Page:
LAHORE: The federal government has done too little, too late in terms of creating fiscal space for the agriculture sector in its overhyped budget for financial year 2021-22, says Ahmad Jawad, former chief of Federation of Pakistan Chambers of Commerce and Industry Standing Committee on Agriculture.
Despite double-digit inflation and record growth in major agriculture crops in the last fiscal year, the government has offered just peanuts to the farming community in the 2021-22 budget, he says.
Mr Jawad adds that except the interest-free loan facility to farming families to help them purchase tractors and other agriculture machinery and Rs150,000 per crop interest-free loan to buy farm inputs, no worthwhile incentive has been included in the budget for the sector.
The Punjab Civil Secretariat Employees Coordination Council rejected the budget, calling it an ‘anti-government employee budget’ as it did not fulfill government’s commitment of merging ad hoc reliefs given during the past four years in regular salaries.
Coordination council chairman Chaudhry Sultan Gujjar and general secretary Chaudhry Shahid Mahmood said the federal government had given no relief to the government employees in its budget. They said the 10pc pay raise was just peanuts.
The coordination council members, Raja Shahid Ahmad, Chaudhry Ghulam Ghous, Sahib Khan and Karim Awan, demanded that the federal government should review the budget and merge ad hoc reliefs given during 2017, 2018, 2019 and 2020 in employees’ salaries.
The businessmen, industrialists, traders, independent economic researchers and policy experts gave a mixed response to the annual federal budget for the fiscal year 2021-22 and urged the government to ensure 100pc implementation on the budgetary allocations made for various sectors. However, most of them welcomed it.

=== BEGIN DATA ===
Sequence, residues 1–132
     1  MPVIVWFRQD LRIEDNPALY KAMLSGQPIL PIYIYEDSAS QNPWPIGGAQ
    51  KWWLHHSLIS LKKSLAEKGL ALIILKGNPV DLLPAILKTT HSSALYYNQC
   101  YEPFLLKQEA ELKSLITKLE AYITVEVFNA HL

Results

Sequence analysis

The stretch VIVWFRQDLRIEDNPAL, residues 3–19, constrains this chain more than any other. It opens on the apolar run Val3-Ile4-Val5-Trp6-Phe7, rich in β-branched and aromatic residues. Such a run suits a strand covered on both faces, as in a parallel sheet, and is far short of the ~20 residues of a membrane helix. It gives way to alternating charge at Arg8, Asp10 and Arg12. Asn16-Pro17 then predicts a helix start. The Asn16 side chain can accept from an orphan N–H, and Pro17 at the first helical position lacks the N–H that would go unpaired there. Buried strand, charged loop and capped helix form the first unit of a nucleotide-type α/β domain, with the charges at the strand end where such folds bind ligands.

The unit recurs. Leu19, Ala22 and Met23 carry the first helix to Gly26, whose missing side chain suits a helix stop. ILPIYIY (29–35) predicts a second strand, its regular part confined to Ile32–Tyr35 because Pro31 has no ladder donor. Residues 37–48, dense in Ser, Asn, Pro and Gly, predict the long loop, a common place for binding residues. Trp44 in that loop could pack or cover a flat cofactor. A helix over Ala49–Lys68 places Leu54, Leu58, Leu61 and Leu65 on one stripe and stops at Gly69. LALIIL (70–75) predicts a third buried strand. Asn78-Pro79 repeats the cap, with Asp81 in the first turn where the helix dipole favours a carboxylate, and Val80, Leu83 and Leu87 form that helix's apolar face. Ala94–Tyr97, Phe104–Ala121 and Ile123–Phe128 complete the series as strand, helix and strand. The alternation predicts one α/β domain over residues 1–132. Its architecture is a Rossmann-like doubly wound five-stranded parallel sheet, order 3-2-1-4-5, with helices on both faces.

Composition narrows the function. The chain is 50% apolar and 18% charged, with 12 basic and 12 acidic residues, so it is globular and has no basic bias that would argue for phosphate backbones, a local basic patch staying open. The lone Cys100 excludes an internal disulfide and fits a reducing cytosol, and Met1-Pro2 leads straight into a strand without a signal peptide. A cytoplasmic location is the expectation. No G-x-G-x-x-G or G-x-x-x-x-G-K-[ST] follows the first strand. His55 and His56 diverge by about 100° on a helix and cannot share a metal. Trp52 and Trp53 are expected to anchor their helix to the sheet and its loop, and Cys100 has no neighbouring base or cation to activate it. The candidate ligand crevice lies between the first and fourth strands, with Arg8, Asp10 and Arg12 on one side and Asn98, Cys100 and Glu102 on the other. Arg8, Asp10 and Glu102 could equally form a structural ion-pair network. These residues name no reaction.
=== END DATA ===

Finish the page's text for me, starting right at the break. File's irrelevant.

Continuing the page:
According to the Lahore Chamber of Commerce and Industry (LCCI), the budget turned out as a balanced one as most proposals of the chambers had been accepted.
“Reduction in regulatory duty will boost the competitiveness of the industrial sector as the Pakistani merchandise is facing problems in the international market due to high cost,” LCCI President Mian Tariq Misbah told a press conference on Friday.
He said the customs duty and additional custom on raw materials of the pharmaceutical industry were also reduced, which would reduce drug medicines.
The LCCI lauded the package for farmers and raise in development funds by 40pc as compared to the previous financial year. They said Rs118bn allocations for refunds to the exporters would solve their financial problems.
The Pakistan Textile Exporters Association also welcomed the budget.
“Enhancement of import-substitution by rationalising tariffs on industrial raw materials/intermediate goods, facilitating export-oriented manufacturing by reviewing the existing exemption regimes and export schemes, reduction/exemption of duties (CD, ACD & RD) on import of 589 goods falling under PCT codes, steps for ease of doing business, announcement of a new uniform export facilitation scheme under a phased out programme in the next two years, permission for the bond to bond transfer of goods through WeBOC (web-based one customs) without prior approval of the collector and continuation of all export facilitation policies, including Energy Package and DDT, are among the positive things of this budget,” the association’s secretary said.
The All Pakistan Textile Mills Association (Aptma) termed the budget a step in the right direction, subject to implementation on the budget proposals announced in the parliament in letter and spirit.
Some traders, however, rejected the budget, claiming that it had nothing for them.
“None of our proposals was entertained in the budget,” All Pakistan Anjuman Tajiran (APAT) General Secretary Naeem Mir told this reporter.
He said while the traders were demanding reduction in the turnover tax up to 0.25pc, the government reduced this tax to 1.25pc on the traders/ shopkeepers having Rs100m to 250m annual turnovers.
The Institute for Policy Reforms (IPR) termed the budget a set of promises and added that was difficult to sift facts from its many claims.
Published in Dawn, June 12th, 2021